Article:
4thly, Christís good-will to give eternal life to his people, appears in the earnest he gives to them. This is oftner spoke of in the word, than known and felt by the readers and hearers of the word. It is called the earnest of the Spirit, from its immediate author, 2 Cor. v. 5.; the earnest of the Spirit in our hearts, for therein it is put, 2 Cor. i. 22.; the earnest of our inheritance, Eph. i. 14. for unto that it referreth. It is something of heaven given to believers on earth; some special presence of Christ manifested to them; some special fellowship with him, filling them with joy, and peace, and likeness to him. How well is this known to them that have it? And how sure is it, that no words can make any other to know it? It is the hidden manna, that Christ gives his people to eat of, (and no man knows its taste, but the eater of it, and while he eats of it); and the white stone Christ gives, and in the stone a new name written, (If it be written, may it not be read by any? No), which no man knoweth, saving he that receiveth it, Rev. ii. 17. Why is this earnest given? It is to secure the bargain of the new covenant to the believer, and to secure him of the possession of glory. Therefore is it called the first-fruits of the Spirit, Rom. viii. 23. sealing of believers, 2 Cor. i. 22. and to the day of redemption, Eph. iv. 30. This earnest must be a rich jewel, when the devil, that great thief and robber, sets himself so against them that have got it. It was more than an earnest that Paul got in 2 Cor. xii. 1, 2, 3. The devil hated Paul from the day that Christ took him out of his arms; he hated his gifts, grace, and service; and that Paul knew well, and felt often: but he never fell on him so fiercely, as when Paul came down enriched with extraordinary enjoyments. No believer shall get this earnest, if the devil can hinder it; and none can keep it, without a battle with hell. But though Satan by his malice and craft, and our unbelieving hearts, join together (as too oft they do) to rob us of this earnest, and the sense of it; yet Christ will never take it away, nor break the bargain of our salvation, Psalm lxxxix. 33, 34, 35. Nevertheless, my loving-kindness will I not utterly take from him, nor suffer my faithfulness to fail, is the voice of God in the new covenant. It may be a question with some, If this earnest be an universal blessing to all, or only a special kindness to some believers? On the one hand, the discouraged complaining mood of some Christians seems to say, that they have it not; on the other hand, many have this earnest, and that frequently repeated to them. What shall we say to this question? These things we may be sure of; that it is a choice mercy, and a great advantage to a believer to have it; (as the contraries are as sure, to such as have it not); that it is a great duty to press after it; that there are ways and means of Godís appointment for reaching it; that there are gracious promises of a blessing on those means; and that faith and diligence in seeking this blessing in Godís way, is usually successful. It seems far safer for us, to lay our want of it on our own belief, than to reflect upon his word and way.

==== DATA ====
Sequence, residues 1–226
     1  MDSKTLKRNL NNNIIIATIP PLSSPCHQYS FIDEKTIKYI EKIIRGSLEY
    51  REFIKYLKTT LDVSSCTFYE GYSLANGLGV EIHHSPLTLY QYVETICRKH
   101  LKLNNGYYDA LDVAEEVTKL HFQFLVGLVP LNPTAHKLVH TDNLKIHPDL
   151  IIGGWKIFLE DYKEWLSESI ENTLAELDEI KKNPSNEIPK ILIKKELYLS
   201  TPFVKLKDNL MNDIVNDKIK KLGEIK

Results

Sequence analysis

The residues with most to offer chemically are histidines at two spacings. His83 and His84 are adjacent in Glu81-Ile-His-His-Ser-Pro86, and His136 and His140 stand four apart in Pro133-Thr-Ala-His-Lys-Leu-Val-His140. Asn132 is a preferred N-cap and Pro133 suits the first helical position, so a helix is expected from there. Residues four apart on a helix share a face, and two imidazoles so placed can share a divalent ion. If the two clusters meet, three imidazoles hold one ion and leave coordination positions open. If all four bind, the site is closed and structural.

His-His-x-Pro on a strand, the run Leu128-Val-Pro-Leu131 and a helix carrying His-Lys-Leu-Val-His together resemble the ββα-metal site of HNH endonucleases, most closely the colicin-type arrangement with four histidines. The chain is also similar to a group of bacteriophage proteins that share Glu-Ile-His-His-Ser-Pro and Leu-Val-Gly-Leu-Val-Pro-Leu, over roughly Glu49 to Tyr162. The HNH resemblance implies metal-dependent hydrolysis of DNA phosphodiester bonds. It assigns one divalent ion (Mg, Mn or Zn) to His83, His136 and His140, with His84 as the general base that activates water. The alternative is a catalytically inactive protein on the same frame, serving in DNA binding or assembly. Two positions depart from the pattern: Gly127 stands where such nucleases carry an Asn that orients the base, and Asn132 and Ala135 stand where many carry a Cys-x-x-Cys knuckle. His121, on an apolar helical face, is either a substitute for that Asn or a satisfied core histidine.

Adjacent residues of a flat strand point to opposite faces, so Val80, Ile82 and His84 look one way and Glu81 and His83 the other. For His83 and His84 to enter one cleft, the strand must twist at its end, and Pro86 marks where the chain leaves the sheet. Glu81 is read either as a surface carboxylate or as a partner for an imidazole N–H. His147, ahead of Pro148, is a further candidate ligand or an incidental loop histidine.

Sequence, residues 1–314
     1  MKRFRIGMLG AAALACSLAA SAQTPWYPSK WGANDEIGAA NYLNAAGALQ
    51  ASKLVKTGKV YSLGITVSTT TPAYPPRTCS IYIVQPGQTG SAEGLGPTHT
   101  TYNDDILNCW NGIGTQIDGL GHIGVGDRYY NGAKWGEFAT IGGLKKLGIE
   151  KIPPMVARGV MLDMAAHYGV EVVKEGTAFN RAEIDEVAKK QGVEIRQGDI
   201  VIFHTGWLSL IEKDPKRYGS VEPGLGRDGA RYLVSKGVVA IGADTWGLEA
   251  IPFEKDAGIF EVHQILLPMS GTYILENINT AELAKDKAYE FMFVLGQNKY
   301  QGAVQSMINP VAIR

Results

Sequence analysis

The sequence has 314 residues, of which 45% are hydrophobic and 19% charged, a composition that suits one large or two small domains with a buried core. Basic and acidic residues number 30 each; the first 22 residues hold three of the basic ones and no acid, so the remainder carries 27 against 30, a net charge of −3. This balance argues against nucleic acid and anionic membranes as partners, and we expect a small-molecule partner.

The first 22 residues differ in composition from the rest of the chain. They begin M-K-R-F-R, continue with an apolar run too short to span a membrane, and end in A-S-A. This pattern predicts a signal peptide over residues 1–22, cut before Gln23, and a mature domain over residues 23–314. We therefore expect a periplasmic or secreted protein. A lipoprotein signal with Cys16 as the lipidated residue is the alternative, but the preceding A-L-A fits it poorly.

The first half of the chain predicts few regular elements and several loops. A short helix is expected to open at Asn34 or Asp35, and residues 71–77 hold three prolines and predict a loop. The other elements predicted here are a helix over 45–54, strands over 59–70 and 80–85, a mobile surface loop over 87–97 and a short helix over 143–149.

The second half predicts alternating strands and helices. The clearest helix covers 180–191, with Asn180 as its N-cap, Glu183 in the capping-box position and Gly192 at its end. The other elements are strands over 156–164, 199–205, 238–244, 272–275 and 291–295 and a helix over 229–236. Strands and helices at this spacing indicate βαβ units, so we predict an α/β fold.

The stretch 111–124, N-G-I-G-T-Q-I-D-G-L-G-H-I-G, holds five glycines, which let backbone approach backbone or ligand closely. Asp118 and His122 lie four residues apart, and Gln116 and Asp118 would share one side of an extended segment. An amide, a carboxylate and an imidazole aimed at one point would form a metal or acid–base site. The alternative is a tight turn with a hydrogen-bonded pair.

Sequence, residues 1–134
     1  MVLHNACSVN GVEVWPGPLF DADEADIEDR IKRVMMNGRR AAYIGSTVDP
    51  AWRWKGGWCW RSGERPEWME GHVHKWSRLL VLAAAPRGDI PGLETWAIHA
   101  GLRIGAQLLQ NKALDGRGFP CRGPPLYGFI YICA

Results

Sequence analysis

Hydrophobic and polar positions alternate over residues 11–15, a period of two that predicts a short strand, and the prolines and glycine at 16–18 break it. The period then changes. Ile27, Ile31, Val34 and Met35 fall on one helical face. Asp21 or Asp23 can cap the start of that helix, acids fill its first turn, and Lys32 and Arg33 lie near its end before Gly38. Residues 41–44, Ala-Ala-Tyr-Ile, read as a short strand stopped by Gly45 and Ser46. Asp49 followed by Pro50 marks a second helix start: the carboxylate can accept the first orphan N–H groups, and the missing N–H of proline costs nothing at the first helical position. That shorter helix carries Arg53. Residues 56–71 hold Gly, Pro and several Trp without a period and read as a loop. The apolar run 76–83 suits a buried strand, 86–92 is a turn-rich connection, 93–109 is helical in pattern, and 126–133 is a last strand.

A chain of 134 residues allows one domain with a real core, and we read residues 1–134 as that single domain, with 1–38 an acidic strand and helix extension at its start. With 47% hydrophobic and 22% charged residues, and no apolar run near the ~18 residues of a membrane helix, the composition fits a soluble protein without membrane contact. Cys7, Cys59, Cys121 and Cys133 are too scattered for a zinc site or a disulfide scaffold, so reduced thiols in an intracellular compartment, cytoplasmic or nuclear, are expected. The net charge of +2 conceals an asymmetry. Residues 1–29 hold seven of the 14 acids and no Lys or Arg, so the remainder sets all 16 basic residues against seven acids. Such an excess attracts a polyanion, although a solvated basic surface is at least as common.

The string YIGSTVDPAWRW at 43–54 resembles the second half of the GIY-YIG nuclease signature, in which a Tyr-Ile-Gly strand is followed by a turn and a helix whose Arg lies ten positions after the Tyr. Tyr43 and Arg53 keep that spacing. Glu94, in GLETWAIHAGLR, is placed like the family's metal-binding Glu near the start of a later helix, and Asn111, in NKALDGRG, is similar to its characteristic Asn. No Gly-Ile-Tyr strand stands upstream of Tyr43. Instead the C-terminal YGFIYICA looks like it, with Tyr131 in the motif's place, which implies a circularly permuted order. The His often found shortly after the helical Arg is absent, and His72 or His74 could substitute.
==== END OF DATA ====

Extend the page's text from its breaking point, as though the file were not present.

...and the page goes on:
So much for the first thing in this doctrine, Wherein appears Christís will and mind to have his people where he is?
II. Why it is, and must be his will and mind? Take these two accounts of it: 1. Because of his faithfulness in the covenant. And, 2. Of his love to his people.
1. Because of his faithfulness in the covenant of grace. The clearest and surest view of our salvation, is to be had in this covenant. Therein we see, 1. The elect are given by the Father to the Son, to be redeemed by him, and that he may give them eternal life; as John xvii. 2. thou hast given him power over all flesh, that he should give eternal life to as many as thou hast given him. This charge the Son accepted from eternity, and, in the fulness of time, came into the world to fulfil, John vi. 38, 39. They were given to him, on condition of his coming, and redeeming of them by his blood; which condition he fulfilled. 2. They are promised to him as his purchase by the Father, When the Son hath bought them as he promised: Isaiah liii. 10, 11. When thou shalt make his soul an offering for sin, he shall see his seed, he shall prolong his days, and the pleasure of the Lord shall prosper in his hand. He shall see of the travail of his soul, and shall be satisfied, &c. 3. The bringing, them safe to glory, is charged the Son, and promised by him again to the Father: John vi. 38, 39. For I came down from heaven, not to do mine own will, but the will of him that sent me. And this is the Fatherís will which hath sent me, that of all which he hath given me, I should lose nothing, but should raise it up again at the last day. John xii. 50. And I know that his commandment is life everlasting. Christ stands engaged by this covenant, to give a good account of all his charge; and he will do it fully one day, when he presents his people to his Father; and will say of all, as Heb. ii. 13. Behold, I and the children which God hath given me; and as he said of a few of them in this chapter, ver. 12. While I was with them in the world, I kept them in thy name; those that thou gavest me, I have kept, and none of them is lost. And surely Christ is as good at keeping of his people when he is in heaven, as when he was on earth: for he is with them always, even unto the end of the world, Amen, Matth. xxviii. 20. 4. Christ yet further promiseth eternal life to his people: 1 John ii. 25. And this is the promise that he hath promised us, even eternal life: as it is the grand comprehensive promise. Yea, Christ himself is called eternal life, 1 John i. 2. and ver. 20. When Christ came into the world, eternal life came into it: when Christ is shown and revealed, eternal life is made known; when Christ is embraced by faith, eternal life is got: 1 John v. 11, 12. And this is the record, that God hath given to us eternal life: and this life is in his Son. He that hath the Son, hath life. O that all men did but know, how closely, how inseparably, and how eternally, Christ and eternal life are linked together No eternal life without Christ; no Christ without eternal life. He also promiseth it, as well as contains it: John x. 27, 28. My sheep hear my voice, and I knew them, and they follow me. And I give unto them eternal life, and they shall never perish, neither shall any man pluck them out of my hand. It is this, and such like promises of eternal life, made by Jesus Christ, that every true believer builds his hope of heaven upon. And thus Christís faithfulness and truth is concerned in bringing all his people to glory.